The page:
During the Renaissance, the printed book in all its forms underwent a profound transformation. Modern book design emerged in the period between 1520 and 1540, based directly on typography. The printed book became an object in its own right, fully emancipated from the medieval manuscript.
This shift in design was first evident in a change in book size. Until the 1520s, the quarto was the dominant format, but it slowly gave way to the octavo, a smaller, more manageable format comparable in size to the modern paperback. It was invented in Italy, and lent credibility by the Venetian Aldus Manutius who published editions of the Latin and Greek classics in this format in the early 16th century.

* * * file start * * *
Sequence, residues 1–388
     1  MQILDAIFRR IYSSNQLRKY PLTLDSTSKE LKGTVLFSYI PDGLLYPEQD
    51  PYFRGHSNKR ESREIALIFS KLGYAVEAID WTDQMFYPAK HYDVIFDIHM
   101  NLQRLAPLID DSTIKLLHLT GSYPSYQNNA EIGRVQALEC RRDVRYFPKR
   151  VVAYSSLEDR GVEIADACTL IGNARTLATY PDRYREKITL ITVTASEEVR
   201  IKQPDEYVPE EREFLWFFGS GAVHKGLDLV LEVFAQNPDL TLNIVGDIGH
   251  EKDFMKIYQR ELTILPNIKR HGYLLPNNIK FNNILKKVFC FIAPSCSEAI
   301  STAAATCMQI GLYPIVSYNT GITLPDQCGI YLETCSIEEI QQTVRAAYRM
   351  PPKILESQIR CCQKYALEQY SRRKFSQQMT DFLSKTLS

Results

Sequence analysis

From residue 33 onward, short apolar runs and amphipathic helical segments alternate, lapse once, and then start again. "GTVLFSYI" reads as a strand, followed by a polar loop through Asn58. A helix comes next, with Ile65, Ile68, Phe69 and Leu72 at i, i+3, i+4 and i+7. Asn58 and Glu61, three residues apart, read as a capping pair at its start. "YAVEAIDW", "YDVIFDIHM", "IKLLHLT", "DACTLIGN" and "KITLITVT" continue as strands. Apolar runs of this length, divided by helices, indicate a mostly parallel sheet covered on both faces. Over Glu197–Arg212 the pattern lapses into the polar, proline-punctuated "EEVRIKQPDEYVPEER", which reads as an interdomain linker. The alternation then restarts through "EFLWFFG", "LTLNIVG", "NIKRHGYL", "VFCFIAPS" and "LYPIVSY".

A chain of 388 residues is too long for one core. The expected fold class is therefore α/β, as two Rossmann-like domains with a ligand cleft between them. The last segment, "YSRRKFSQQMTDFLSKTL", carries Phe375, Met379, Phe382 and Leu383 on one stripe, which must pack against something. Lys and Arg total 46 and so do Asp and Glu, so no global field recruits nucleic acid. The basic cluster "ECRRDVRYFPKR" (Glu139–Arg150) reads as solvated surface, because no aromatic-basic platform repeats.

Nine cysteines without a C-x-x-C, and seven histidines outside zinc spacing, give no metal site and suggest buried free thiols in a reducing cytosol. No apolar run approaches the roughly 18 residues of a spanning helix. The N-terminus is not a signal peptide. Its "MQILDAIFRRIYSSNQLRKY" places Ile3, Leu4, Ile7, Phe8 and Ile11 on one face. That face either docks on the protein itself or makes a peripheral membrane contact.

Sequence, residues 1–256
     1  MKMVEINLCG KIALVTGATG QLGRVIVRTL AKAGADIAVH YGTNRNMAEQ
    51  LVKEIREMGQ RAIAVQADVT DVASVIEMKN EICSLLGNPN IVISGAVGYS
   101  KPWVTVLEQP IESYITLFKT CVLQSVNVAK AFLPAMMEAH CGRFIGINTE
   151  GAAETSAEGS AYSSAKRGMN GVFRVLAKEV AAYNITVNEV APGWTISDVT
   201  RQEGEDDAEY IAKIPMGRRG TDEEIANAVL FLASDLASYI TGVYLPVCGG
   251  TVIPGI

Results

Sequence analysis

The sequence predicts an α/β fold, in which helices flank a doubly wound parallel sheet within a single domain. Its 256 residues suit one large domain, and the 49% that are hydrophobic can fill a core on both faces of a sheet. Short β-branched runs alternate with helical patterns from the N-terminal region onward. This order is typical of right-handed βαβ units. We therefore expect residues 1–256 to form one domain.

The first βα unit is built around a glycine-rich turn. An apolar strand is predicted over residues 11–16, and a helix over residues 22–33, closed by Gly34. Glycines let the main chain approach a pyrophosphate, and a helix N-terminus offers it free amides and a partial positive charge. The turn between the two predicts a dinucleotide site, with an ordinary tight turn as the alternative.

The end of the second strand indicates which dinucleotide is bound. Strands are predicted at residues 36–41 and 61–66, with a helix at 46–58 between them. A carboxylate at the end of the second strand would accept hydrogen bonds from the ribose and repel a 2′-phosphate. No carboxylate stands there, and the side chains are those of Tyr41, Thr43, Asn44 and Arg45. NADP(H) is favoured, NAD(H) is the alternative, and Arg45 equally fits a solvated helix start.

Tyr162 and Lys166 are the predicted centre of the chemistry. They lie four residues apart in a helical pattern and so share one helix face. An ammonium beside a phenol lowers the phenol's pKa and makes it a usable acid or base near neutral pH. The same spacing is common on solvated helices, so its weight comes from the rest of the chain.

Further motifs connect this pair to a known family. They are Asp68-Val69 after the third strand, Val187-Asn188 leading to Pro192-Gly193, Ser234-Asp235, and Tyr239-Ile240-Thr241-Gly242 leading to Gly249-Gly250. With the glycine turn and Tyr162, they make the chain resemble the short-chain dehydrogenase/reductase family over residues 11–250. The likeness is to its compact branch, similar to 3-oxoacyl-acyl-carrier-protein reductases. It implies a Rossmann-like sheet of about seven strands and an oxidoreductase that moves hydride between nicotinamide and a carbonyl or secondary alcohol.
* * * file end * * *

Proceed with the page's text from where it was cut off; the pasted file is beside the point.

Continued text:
Modern book design was born in the period between 1520 and 1540. The printed book became an object in its own right, fully emancipated from the medieval manuscript.
Title pages, which were at first lacking in incunabula, and poorly organised when they did appear, underwent a significant evolution in the first half of the 16th century. After a lengthy development, standard layouts emerged, and finally included all of the elements needed to identify a work – author, title, place and date of publication, and the name of the bookseller, frequently accompanied by his engraved printer's mark. Not only were the various elements of information present, the page layout served to rank them in order of importance.
Roman and italic typefaces, designed by punch-cutters like Claude Garamont, were used to create handsome, beautifully-spaced pages. Pagination in Arabic numerals, tables of contents and indices, and chapter divisions signalled by elegant engraved initials all contributed to making printed books readable and more easy to use.